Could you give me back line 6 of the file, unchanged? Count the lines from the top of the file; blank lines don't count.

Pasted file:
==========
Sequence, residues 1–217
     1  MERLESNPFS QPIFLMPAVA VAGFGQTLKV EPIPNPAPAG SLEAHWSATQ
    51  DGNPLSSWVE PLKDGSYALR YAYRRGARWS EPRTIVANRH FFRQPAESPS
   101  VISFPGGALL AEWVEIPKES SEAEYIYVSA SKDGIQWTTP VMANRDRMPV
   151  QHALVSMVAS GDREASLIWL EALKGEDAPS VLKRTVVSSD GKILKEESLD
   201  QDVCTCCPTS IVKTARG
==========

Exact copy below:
   201  QDVCTCCPTS IVKTARG